US Release Date: 12-25-2015
Directed by: Sean Anders
- Will Ferrell, as
- Brad Whitaker
- Mark Wahlberg, as
- Dusty Mayron
- Linda Cardellini, as
- Thomas Haden Church, as
- Leo Holt
- Scarlett Estevez, as
- Owen Vaccaro, as
- Bobby Cannavale, as
- Dr. Francisco
- Hannibal Buress, as
- Bill Burr, as
- Jamie Denbo, as
- Mark L. Young, as
- Dental Hygienist
- Kobe Bryant, as
- John Cena as
Will Ferrell and Mark Wahlberg in Daddy's Home
Daddy's Home is a sitcom length script stretched to 96 minutes. Everything is light and it moves along at an acceptable speed. Although it heavily features children, there are plenty of adult sexual innuendoes. One of the most obvious being a fairy tale the fathers tell the kids every night that involves a king, a step king and the size of their swords.
Will Ferrell narrates the film as stepdad Brad. We hear how he came to be sterile and how much he wanted to be a father. Luckily, he married a way too hot for him single mother of two. He has been trying his hardest to get his stepchildren to love him. One of the first scenes involves his young stepdaughter showing him a picture she drew of her family that includes Brad with a knife in his head. Brad, the optimist, sees it as a step in the right direction as her earlier drawings always showed him as being dead.
Brad does everything he can for his step children, spending as much time with them as possible, waiting for the day they may call him "Dad." Just when his stepdaughter's drawing makes him think he is starting to connect with them, their absent biological father, Dusty, (Mark Wahlberg) shows up out of the blue. Brad takes one look at the leather jacket wearing, motorcycle riding, muscular Dusty and begins to panic.
And he has good reason to panic. Dusty easily charms Brad and convinces him to let him stay in their home. Dusty then makes it clear that he wants his ex-wife and children back. Almost immediately a competition for the children's affection begins. Each man tries to show off and upstage the other. Some of their efforts are simple gestures while others are ludicrously ridiculous, and unrealistic. Every time Brad seems to up Dusty, he gets upped himself. Like I wrote, this is television sitcom stuff.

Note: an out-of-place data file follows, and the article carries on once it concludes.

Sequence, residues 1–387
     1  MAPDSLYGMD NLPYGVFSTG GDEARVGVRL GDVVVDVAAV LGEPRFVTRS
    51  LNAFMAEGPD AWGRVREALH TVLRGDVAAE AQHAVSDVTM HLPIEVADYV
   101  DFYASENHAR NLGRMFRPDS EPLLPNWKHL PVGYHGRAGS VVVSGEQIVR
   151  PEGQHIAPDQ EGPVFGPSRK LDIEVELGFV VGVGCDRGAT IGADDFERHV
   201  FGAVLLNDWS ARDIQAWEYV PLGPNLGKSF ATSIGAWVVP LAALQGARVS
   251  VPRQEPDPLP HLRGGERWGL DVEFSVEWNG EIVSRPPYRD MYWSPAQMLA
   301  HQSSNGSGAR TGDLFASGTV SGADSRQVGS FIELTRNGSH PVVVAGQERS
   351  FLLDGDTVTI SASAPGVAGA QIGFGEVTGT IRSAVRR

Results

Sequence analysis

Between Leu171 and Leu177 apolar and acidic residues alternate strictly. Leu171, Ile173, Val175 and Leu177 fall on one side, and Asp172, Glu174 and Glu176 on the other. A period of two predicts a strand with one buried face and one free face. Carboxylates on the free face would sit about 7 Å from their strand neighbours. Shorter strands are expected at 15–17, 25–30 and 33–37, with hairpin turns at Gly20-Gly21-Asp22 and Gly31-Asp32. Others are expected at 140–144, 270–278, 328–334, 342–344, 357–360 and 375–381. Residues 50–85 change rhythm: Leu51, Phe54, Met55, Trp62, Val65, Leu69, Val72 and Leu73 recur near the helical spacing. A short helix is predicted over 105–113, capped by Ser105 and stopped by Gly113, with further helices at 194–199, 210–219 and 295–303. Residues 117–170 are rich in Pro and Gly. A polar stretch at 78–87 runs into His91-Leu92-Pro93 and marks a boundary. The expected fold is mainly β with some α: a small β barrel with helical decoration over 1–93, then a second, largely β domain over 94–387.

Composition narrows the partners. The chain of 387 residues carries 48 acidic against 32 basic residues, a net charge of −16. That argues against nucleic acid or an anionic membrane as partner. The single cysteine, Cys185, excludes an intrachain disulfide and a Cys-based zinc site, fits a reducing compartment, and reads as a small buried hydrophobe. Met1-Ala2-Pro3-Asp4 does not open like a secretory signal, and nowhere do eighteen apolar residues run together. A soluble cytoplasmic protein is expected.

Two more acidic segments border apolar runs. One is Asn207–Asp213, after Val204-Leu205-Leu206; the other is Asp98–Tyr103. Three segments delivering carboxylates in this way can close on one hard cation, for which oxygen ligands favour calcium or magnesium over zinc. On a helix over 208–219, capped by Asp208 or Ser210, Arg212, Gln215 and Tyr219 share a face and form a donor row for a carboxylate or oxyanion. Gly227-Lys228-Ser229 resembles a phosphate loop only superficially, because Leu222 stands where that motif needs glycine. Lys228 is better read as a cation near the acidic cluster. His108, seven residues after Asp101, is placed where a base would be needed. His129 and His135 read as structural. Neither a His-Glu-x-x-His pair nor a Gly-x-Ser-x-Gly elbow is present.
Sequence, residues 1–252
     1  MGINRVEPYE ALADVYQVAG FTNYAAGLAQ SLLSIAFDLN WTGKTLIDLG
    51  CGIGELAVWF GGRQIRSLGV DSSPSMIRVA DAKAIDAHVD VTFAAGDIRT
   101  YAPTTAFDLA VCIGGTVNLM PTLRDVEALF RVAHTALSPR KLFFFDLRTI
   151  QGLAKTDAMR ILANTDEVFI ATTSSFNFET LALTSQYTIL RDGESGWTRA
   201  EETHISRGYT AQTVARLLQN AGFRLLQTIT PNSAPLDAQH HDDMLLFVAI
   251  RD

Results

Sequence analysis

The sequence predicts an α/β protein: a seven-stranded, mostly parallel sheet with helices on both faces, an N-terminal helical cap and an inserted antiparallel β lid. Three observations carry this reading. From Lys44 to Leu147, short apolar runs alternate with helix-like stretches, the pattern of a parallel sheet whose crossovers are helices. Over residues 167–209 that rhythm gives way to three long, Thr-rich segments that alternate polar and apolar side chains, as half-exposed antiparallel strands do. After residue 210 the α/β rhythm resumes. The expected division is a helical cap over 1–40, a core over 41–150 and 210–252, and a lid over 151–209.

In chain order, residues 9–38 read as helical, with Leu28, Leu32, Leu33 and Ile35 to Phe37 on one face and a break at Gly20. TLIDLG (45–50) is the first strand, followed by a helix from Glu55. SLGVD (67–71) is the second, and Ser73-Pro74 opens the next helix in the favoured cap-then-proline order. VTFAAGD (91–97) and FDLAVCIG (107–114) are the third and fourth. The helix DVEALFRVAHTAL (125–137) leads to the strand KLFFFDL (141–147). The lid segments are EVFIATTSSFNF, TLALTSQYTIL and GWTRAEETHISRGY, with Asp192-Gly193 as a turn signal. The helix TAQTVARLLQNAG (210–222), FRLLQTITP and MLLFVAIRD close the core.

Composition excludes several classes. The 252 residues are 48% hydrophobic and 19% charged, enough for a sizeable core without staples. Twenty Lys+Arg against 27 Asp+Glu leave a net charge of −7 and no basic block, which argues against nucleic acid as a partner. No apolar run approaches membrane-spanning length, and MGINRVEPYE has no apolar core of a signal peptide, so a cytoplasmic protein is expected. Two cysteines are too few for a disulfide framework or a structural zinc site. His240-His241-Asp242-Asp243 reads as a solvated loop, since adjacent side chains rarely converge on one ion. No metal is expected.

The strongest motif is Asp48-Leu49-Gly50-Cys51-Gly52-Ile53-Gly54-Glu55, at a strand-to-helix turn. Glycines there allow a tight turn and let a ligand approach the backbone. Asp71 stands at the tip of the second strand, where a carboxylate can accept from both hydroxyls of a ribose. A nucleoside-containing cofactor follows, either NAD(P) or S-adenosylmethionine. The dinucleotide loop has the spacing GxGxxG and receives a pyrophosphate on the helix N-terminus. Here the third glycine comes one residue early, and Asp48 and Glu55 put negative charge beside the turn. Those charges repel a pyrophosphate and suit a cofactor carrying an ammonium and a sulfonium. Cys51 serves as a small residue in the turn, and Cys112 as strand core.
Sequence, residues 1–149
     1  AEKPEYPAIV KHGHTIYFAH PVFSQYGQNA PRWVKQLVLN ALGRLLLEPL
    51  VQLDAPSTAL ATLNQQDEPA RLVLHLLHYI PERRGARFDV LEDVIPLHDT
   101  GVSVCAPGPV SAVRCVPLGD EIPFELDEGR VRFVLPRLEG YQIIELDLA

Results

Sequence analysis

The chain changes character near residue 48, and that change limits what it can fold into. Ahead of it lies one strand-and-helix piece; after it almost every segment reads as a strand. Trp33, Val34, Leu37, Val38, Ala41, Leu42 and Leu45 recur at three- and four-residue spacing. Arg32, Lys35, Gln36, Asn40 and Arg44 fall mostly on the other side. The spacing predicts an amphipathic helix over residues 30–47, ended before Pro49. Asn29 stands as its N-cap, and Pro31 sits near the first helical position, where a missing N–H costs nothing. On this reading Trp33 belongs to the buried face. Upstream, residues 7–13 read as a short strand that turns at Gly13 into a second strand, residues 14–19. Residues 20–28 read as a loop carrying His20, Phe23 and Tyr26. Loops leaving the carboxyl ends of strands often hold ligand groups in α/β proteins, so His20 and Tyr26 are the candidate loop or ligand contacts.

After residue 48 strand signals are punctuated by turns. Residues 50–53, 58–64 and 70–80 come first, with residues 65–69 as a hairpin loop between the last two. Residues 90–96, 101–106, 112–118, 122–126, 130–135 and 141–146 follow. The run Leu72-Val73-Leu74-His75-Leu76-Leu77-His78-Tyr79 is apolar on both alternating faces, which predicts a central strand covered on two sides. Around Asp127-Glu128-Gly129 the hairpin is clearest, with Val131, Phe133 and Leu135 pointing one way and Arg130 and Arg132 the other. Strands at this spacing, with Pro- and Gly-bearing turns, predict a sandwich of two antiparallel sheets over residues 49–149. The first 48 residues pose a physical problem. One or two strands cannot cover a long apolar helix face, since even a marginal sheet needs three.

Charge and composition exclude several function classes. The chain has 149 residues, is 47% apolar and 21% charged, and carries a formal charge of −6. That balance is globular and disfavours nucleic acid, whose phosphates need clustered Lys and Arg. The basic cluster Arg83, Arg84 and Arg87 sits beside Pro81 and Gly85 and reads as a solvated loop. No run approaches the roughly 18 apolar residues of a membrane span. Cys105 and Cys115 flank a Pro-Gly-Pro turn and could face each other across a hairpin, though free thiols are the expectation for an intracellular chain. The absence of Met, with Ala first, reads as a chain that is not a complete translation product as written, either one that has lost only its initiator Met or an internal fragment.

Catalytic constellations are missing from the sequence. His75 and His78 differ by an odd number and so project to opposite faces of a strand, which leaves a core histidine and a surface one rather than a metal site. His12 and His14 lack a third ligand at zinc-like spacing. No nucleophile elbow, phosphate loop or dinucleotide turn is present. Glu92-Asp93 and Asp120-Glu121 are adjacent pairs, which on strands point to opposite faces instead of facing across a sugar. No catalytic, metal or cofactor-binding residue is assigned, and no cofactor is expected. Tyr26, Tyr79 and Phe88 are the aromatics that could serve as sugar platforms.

As there is so little plot and the outcome obvious, the film makers added a couple of comical, yet mostly superfluous, characters. Brad's boss is always around to offer pointless advice, that usually involves him and one of his wives. A construction worker, Griff, provides the most entertaining scene. Brad's wife called him after Brad drove Dusty's motorbike through the house. Dusty convinces Brad that the two of them can make the repairs themselves and he does not need the professional. Brad has a hard time telling Griff he is not needed. Dusty then taunts Brad for not being able to fire him because he is black. Suddenly the kids show up and Dusty asks them what they call someone who treats people differently because of their skin color. The children answer in unison, "a racist." Before we know it, Griff has moved in.